Self Care

The idea of self-care started with the Ancient Greeks and was defined as the act of loving yourself. The Ancient Greeks believed that the more you were able to love yourself, the more you were able to love others. Today, self-care is defined as an action that somebody takes and makes a part of their daily living to prevent illness and maintain both their physical and mental health.

One type of self-care is physical self-care. Examples of physical self-care are exercising regularly, eating healthier, wearing clothes that you like, getting a manicure/pedicure, getting your hair done, or going to the doctor when needed. Another type of self-care is emotional self-care. Activities that can be used to engage in this type of self-care are allowing yourself to experience your emotions without judgment, allowing yourself to cry, engaging in something that makes you laugh, or complimenting yourself. Psychological self-care is another type of self-care and some examples of this type are learning to (and being ok) with saying no, learning something new, or self-reflection. Spiritual self-care can apply to those who are religious as well as to those who are not. Volunteering, meditating, spending time in nature, and highlighting the non-material aspects of life are all activities that can help in taking spiritual self-care. The last type of self-care is professional self-care. This type of self-care can apply to both individuals who work and those who are in school. Examples of professional self-care can be allowing yourself time to converse with coworkers, taking breaks when needed, decorating your workspace, and finding a balance when it comes to workload. Implementing self-care in all of these aspects of your life is important for your overall health.

Now that you have a better understanding of what self-care is, why is it important? Implementing self-care has several benefits. Making self-care a part of your daily life can improve immunity, increase positive thinking, help you feel calm and relaxed, can help you manage stress, and can help in preventing depression, anxiety, unhappiness, low self-esteem, feelings of resentment, insomnia, heart disease, and various other physical and mental issues. If you have an illness or stress that already exist, it can also help you better manage living with that illness or stress.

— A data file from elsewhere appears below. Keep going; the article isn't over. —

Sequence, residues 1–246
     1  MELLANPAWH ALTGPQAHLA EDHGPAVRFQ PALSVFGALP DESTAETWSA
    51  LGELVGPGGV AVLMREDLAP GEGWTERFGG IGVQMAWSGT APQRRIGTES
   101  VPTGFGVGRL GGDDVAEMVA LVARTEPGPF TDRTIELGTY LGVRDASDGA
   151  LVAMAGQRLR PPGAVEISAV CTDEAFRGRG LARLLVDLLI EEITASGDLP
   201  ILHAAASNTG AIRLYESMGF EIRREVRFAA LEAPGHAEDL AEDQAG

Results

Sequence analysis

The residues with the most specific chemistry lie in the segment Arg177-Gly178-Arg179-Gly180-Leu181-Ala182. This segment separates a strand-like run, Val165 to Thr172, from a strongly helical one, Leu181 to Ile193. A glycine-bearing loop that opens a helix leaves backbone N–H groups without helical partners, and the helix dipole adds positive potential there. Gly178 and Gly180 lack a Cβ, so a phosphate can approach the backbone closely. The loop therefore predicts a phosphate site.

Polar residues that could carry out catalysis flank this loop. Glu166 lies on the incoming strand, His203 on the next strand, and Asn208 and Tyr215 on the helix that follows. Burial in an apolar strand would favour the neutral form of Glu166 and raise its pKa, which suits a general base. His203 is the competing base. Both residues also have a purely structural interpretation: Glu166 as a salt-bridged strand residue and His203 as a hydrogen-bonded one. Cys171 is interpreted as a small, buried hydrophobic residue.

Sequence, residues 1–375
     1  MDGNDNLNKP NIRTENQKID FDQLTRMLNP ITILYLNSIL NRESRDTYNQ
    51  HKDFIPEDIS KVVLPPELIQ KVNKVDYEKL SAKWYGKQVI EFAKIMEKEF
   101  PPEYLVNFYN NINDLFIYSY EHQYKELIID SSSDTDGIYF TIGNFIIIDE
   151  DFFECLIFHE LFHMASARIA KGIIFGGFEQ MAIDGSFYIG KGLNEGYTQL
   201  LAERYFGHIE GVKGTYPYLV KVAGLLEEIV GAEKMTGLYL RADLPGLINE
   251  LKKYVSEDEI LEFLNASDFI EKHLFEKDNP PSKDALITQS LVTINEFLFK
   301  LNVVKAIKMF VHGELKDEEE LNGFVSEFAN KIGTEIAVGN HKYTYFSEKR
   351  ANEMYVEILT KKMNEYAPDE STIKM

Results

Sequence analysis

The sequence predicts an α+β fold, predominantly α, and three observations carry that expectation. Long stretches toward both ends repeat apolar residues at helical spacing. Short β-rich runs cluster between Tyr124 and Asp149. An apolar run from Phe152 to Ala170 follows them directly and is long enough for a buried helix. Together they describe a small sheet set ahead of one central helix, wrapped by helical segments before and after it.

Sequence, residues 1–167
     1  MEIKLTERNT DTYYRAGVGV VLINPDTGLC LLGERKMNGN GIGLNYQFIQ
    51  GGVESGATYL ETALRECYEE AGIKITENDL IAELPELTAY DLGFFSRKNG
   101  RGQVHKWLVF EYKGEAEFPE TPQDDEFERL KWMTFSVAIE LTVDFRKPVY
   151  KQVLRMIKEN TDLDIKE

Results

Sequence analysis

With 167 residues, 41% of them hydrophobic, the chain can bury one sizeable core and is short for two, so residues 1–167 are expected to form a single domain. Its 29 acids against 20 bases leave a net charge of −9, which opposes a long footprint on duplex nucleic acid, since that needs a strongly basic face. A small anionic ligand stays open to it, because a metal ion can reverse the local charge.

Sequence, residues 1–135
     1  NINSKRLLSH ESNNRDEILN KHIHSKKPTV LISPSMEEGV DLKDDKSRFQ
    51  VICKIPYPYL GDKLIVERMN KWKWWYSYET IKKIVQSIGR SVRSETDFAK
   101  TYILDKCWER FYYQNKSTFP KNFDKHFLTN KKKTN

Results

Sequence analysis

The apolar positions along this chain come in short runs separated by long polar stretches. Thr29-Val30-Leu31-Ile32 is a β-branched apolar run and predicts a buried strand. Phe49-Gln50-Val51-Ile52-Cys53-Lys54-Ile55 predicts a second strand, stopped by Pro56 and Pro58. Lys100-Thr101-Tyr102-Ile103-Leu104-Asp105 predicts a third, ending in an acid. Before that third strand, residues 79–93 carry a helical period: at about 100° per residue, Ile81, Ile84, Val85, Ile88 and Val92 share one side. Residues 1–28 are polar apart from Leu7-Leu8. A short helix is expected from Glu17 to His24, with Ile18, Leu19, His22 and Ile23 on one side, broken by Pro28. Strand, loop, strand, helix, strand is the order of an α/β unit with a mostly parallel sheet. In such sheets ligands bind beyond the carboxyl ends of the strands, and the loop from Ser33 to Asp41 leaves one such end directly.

Self-care can look different for everybody and while some activities are helpful to some, they may not be helpful to others. Now that you understand what self-care is and why it is important, it is time to figure out what self-care is going to look like for you. In the resource provided below, you can find a self-care assessment which offers effective strategies to maintain self-care and a self-care plan to help you implement self-care into your life.

https://www.brown.edu/campus-life/health/services/promotion/sites/healthpromo/files/self%20care%20assessment%20and%20planning.pdf

written by Kayla Snavley

The Power of Positive Self-Talk

All of us have messages that repeatedly play in our minds.  This inner discussion structures the way we react to situations that may occur in our everyday lives.  In order to live  healthy and happy we must purposely pack the thoughts in our minds with positive self-talk.  Most of the time, our self-talk is negative because we remember the bad things we were told as a youth as well as negative reactions from other children.  These awful past experiences tend to slowly lower our self-esteem because these messages have continuously played over and over in our minds.

To recognize the foundation of the damaging messages and then work with the individual to deliberately “overwrite” them is one of the most important things we use in therapy with people who suffer from depression.  For example, we would show someone how valuable they actually are if that person was taught as a child they were worthless. 

References

Jantz, G. L. (2016, May 16). The Power of Positive Self-Talk. Retrieved from https://www.psychologytoday.com/us/blog/hope-relationships/201605/the-power-positive-self-talk

Positive Self-Talk

By: Brittany Jones

Yesterday I sat by a pond

Pondering upon my self’s reflection.

It appeared that I was faced

With someone else’s face

Because the discouraged countenance staring back at me

Had the darkness of unworthiness written all over it.

There was absolutely no need to read between the lines to see that

That darkness was as dark as the darkest night.

I then told my liquid mirror,

“That image is not either you nor I.”

You have to see that our eyes

Are as bright as the highest IQ.

I am here and am definitely not def or dumb.

My pond will reflect enlightening expressions

That I will use as bate to debate

With thoughts of failure as I fish for internal truth.

I know that from within my heart’s treasure chest

Which resides within my chest,

That I will never again be a pawn

To that dark knight of unworthiness.

By: Brittany Jones

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